summary report, the total number of homeless between 2005 and 2011 fluctuated, but only increased from 502 to 508. Chronic homelessness decreased significantly from 169 to 75. However, finding permanent housing for the remaining 75 proves a challenge. “There’s always some kind of stipulation. One time, I couldn’t get right (housing) because I had a bad criminal record,” said a chronically homeless man who identified himself as “Pee-Wee.” “They went back 20 years on my criminal record. How in the world are you gonna go back 20 years on a person trying to get straight?” Available units are also lim-

see PLAN on page 4

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continued from page 3

ited. In 2011, the City of Asheville Community Development Division reported only 32 percent vacant beds remain in the six agencies that provide permanent supportive housing. Pee-Wee added that he cannot apply for housing for another year. He is currently on probation after obtaining an apartment through the Initiative and providing additional sleeping space for other homeless people not on the lease. Now, he constantly moves between shelters and camps. “They (shelters) ought to let you stay for as long as you’re homeless because you ain’t got nowhere else to go,” said the 50-year-old. “Then, when they do put you out, you got to worry about the police because you’re camping out somewhere, and here come the police to run you out and charge you with trespassing, tearing up your tent and stuff, making you move around when you ain’t got nowhere to go.” Sawyer said the wide range of areas touched by homelessness make it such a difficult Photo by Dustin Stuart - Photography Editor problem to solve. A woman receives a free meal at Haywood Street Congregation. “When somebody is homeAround 500 homeless reside in Asheville. less their health is at risk; their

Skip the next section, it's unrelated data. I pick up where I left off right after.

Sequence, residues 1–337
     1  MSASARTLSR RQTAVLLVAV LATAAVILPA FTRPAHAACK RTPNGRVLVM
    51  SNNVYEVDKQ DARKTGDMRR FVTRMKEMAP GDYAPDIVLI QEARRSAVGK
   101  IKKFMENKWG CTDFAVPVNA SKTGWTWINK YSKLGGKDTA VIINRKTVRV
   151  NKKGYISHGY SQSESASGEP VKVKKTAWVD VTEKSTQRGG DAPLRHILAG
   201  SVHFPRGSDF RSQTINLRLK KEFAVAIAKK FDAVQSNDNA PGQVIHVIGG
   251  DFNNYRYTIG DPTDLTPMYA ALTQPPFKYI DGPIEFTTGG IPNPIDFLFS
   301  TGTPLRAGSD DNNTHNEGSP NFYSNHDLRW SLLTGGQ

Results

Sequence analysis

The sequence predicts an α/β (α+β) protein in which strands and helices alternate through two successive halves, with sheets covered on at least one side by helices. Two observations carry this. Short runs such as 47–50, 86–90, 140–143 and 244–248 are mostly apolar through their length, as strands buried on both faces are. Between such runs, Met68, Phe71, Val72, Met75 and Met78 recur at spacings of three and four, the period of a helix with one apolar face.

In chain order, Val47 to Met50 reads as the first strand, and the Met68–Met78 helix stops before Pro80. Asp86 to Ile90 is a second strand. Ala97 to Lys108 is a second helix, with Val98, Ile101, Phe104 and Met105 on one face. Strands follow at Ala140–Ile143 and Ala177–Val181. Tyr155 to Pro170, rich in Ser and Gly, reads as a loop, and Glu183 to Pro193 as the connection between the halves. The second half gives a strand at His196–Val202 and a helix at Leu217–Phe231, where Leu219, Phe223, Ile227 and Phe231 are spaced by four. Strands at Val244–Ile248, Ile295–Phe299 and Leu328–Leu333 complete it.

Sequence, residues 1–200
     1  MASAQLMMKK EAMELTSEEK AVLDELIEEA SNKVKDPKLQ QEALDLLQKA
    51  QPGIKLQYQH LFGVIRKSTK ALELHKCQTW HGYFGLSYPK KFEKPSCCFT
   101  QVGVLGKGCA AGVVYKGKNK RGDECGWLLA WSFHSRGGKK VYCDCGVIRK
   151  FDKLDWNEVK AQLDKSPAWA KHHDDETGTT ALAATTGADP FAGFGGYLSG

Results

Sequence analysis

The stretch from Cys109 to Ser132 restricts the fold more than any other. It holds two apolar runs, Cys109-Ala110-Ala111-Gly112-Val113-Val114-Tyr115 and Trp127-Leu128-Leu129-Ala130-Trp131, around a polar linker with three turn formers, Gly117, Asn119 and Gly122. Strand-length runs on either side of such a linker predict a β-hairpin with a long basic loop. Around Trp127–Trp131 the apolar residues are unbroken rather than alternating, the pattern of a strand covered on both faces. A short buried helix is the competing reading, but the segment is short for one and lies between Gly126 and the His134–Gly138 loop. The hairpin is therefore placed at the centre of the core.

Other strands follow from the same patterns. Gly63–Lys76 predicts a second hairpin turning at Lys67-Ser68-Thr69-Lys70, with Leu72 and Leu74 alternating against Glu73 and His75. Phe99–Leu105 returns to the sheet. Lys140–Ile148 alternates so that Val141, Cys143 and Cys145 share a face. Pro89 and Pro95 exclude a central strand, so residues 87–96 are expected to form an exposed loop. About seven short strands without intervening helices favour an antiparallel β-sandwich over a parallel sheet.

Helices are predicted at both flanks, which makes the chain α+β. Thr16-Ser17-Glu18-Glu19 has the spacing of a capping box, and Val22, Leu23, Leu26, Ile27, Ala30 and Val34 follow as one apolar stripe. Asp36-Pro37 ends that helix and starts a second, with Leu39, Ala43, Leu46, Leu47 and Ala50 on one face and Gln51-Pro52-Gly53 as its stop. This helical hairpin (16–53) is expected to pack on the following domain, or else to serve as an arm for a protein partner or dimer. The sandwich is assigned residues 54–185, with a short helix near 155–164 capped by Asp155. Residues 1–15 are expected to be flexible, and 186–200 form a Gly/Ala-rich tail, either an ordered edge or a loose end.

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“I live in one (a historical neighborhood), and I advise students who do research on historical buildings,” Rizzo said. Initially it was her students who made her interested in working with the HRC, according to Rizzo. “I had two students who did research on the Montford area and it got me interested in the processes used to bring balance,” Rizzo said. One challenge Rizzo saidmany preservationists are facing is the urge of many homeowners and businesses to go green. “There has recently been an issue in Biltmore village over going green,” Rizzo said. “Adding solar panels or wind generators can detract from the building’s historic value.”

“I hope to become more knowledgeable about the competing ideas. I also believe I can bring balanced decision making to my term and work with the people on the board to make sensible decisions for the community. We need to protect our historic neighborhoods.” Tracey Rizzo HRC and UNCA faculty member Rizzo said going green can save money, and is also more environmentally friendly. “I do support it (going green), but on the other hand, I’m on the preservation side too,” Rizzo said. “I’m interested in that balance. A lot of younger people want to go green but sometimes there is a hidden cost.” Rizzo said she wants to continue to learn while serving her

term on the HRC. “I hope to become more knowledgeable about the competing ideas,” Rizzo said. “I also believe I can bring balanced decision making to my term and work with the people on the board to make sensible decisions for the community. We need to protect our historic neighborhoods.” Other properties discussed at the March meeting were the